When night fell, I stood outside in a valley of bricks, red blocks crisscrossed in white zigzags that somehow tied us to the earth yet seemed celestial emblazoned in the moonlight. Tall buildings sprouted around us like mountains, sheltering our silence, but still the wind whispered to us, sending cold thoughts crawling across our skin.
Despite all the progress I’m making on my goals, lately I’ve felt apathetic and angry. I have little more than a month left of my summer, and it feels like all I’m doing right now is menial and meaningless. I know that isn’t true, and if I weren’t being so moody I’d be exceptionally proud of my accomplishments this last month, but in the meantime, I’m just tired and cranky.
But the important part is that I don’t give up. It’s been about a month since I last evaluated my goals, and it’s time I do so again to get things moving once more. I’m ready when you are.
I’ve been riding the struggle bus lately, and I’ve been riding it far: Despite the simple tasks I’ve been given on the conference steering committee, I can’t seem to get a single thing done. I thought perhaps I just don’t care as much as I want to–and although that’s partly true, the bigger issue is I’m afraid.
I’m afraid to push myself out of my comfort zone. I’m afraid to risk failure, and if I never try, I can never fail. And I’m afraid to honestly ask myself why I do care–because just maybe I really don’t care at all.
But I’m tired of seeing the same tasks on my to-do lists. I’m tired of feeling I’ve failed myself, failed the committee, and failed the people we’re trying to help. I’m tired of being afraid. So I’m pulling the whistle and departing the struggle bus right here, right now.
I began interning with NCPIRG in November and just days ago I joined the steering committee for the Resolve to Fight Poverty Annual Conference. I joined during our New Voters Project with the hope of helping out where needed, especially with our sustainability projects.
Life surprised us with a reshuffling, and to keep working with our campus coordinator, we pulled together behind the No Hunger, No Homelessness action kit–which was great. We raised a fair amount of money for Feeding America through the National Hunger Clean-Up, and now many of us are coordinating a national conference. That’s not something most people can brag about–not that I’m bragging.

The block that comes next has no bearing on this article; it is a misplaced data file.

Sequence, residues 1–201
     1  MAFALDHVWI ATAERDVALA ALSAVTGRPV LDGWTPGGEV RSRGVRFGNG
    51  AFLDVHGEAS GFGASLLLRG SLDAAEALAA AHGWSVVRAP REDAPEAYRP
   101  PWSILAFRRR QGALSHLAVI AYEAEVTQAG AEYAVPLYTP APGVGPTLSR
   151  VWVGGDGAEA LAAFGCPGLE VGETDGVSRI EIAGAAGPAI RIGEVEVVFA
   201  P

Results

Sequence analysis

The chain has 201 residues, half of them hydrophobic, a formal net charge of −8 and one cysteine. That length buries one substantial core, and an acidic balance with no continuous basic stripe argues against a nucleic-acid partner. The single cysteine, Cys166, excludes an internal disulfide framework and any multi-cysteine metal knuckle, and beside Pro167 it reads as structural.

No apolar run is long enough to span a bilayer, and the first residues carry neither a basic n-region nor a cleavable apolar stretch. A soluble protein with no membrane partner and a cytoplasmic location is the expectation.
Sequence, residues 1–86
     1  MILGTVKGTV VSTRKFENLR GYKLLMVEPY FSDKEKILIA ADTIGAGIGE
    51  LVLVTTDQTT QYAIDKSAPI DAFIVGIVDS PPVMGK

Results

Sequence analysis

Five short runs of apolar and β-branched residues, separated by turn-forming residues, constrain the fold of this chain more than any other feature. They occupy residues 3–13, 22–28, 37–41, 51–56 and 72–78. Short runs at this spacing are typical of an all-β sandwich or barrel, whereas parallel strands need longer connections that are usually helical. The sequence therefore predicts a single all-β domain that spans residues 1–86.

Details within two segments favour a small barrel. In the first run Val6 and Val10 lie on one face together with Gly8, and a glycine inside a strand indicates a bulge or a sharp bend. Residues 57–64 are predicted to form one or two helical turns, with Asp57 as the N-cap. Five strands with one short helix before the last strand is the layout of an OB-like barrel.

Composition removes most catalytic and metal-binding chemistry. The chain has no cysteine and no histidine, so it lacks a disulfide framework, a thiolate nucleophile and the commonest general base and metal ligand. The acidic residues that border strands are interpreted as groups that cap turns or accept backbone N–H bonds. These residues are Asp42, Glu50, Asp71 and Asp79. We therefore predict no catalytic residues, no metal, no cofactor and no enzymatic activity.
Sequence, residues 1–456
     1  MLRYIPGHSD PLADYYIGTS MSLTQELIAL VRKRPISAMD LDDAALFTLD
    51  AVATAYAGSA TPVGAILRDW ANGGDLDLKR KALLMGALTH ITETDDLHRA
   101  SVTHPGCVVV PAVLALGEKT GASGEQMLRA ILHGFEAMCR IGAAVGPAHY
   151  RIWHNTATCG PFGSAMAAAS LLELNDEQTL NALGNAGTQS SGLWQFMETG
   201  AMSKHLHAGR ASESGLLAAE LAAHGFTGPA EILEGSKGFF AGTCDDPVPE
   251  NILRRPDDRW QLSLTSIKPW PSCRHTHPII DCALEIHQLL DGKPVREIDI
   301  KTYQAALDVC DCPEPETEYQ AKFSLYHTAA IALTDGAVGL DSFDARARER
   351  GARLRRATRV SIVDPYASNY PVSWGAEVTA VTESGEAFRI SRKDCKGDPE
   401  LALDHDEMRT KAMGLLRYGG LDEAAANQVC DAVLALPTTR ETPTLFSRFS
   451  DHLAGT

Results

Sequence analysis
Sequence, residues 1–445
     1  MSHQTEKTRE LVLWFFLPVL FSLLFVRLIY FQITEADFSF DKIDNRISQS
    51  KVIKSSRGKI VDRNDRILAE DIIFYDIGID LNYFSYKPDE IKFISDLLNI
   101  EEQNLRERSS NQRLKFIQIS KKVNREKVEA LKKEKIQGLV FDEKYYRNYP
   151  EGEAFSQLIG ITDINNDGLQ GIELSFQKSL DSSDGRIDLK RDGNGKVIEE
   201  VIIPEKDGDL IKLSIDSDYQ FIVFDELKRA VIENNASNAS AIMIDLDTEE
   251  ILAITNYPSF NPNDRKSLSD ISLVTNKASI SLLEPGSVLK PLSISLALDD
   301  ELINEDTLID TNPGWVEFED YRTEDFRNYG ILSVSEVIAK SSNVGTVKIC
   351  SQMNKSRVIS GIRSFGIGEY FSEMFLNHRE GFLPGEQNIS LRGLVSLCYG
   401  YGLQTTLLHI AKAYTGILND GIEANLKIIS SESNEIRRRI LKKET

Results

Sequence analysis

Not only this, my NCPIRG family is just that–family–and I want to keep working with them and helping our group to grow and make a difference, on campus, in our community, and in our entire country. Which is all good and great, mind you, except that since I joined the group, I’ve been struggling to answer a pretty important question:
It was my third year doing NaNoWriMo and I wanted new music to help me set the scene for my story. Gothic. Dark and stormy. Evil. So I searched different forums for suggestions, and when I went to a nearby used music store, I came home with H.I.M. and Skillet and maybe a couple others. I quickly realized, for setting or not, Skillet was an awesome group. I’d loved their music on the radio without even knowing it was theirs.
After two or three, maybe four listens through the CD, I stopped hearing the lyrics and only heard the sounds: the beat, the tempo, the edge I wanted in my story. As the words faded into the back of mind, I would sing them mindlessly… “So many nations with so many hungry people,” I’d say, my hands typing away, “So many homeless scrounging around for dirty needles; On the rise, teen suicide…”
Then today, walking home from work, I had my iPod on shuffle and it threw their sound to my ears once more. I wasn’t singing this time (it draws looks), but I was listening–and I realized, for all these years I’ve been singing their songs, I hadn’t heard a word they said.
I finally retired last night sometime between three and four. I fell fast into sleep, into a world of vague and empty dreams, a world free from all the distress and anxiety that has overwhelmed me during the day and deep into the night. When my alarm went off this morning, I wearily opened my eyes, turned it off, and sent a text to my mom to leave a half-hour later than planned. I needed the extra sleep.
It took me four trips to bring everything downstairs and about four more to load the car. As I got inside, I found my anxiousness had mostly dissipated–but the day was still beginning.
One of the first things I found myself doing after I got home on winter break was make up a table of goals, priorities, and steps to get from one to the other (or from the other to the one, as it should happen to be). It’s a planning technique I learned from the coordinator of the NCPIRG group that’s trying to get started at N.C. State. It’s essentially an activist group for issues especially relevant to students and since the election, I’ve been moderately involved; it’s very methodical, however, especially machine-like, and that somewhat deters me from going in deeper, although I think it’s an experience I’m likely to enjoy.
But that’s next year, and I’m still struggling through today.